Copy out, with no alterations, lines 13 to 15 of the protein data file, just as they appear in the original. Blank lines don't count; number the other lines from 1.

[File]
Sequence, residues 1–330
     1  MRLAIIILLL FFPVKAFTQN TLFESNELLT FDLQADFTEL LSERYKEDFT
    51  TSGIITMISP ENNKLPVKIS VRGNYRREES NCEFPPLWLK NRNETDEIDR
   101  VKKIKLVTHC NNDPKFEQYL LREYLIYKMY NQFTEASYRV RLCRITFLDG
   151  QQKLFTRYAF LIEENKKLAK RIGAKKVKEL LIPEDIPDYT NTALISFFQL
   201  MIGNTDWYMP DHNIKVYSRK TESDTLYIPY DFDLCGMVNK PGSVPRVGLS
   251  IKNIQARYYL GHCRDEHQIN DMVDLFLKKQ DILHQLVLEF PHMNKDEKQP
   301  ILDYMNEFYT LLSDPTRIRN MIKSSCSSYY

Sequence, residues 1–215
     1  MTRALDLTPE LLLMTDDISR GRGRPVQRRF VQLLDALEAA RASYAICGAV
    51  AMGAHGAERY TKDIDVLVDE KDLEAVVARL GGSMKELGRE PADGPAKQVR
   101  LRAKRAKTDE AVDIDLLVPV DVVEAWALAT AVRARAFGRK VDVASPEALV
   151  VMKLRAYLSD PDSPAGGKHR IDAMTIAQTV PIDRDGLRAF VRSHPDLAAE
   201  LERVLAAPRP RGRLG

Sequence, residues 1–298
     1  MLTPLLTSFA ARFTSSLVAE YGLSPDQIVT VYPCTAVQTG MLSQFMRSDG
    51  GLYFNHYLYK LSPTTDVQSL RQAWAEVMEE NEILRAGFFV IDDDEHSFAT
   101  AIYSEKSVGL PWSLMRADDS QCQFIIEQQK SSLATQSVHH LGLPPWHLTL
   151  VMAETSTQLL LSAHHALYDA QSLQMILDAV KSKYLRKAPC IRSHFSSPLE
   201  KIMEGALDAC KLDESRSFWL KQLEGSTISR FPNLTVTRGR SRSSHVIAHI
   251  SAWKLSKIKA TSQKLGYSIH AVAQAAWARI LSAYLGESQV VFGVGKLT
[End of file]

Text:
   151  VMKLRAYLSD PDSPAGGKHR IDAMTIAQTV PIDRDGLRAF VRSHPDLAAE
   201  LERVLAAPRP RGRLG

Sequence, residues 1–298